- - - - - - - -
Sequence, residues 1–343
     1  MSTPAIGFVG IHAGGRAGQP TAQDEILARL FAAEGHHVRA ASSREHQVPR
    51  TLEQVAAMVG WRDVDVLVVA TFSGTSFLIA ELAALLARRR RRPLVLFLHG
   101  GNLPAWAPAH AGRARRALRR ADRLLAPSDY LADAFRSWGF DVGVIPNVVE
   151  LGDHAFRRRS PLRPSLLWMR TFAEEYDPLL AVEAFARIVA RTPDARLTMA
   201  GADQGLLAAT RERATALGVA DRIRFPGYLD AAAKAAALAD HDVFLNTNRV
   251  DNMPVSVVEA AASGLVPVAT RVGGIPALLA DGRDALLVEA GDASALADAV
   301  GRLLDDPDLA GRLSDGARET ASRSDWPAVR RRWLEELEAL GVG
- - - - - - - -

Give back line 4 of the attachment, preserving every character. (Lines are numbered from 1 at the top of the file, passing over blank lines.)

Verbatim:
   101  GNLPAWAPAH AGRARRALRR ADRLLAPSDY LADAFRSWGF DVGVIPNVVE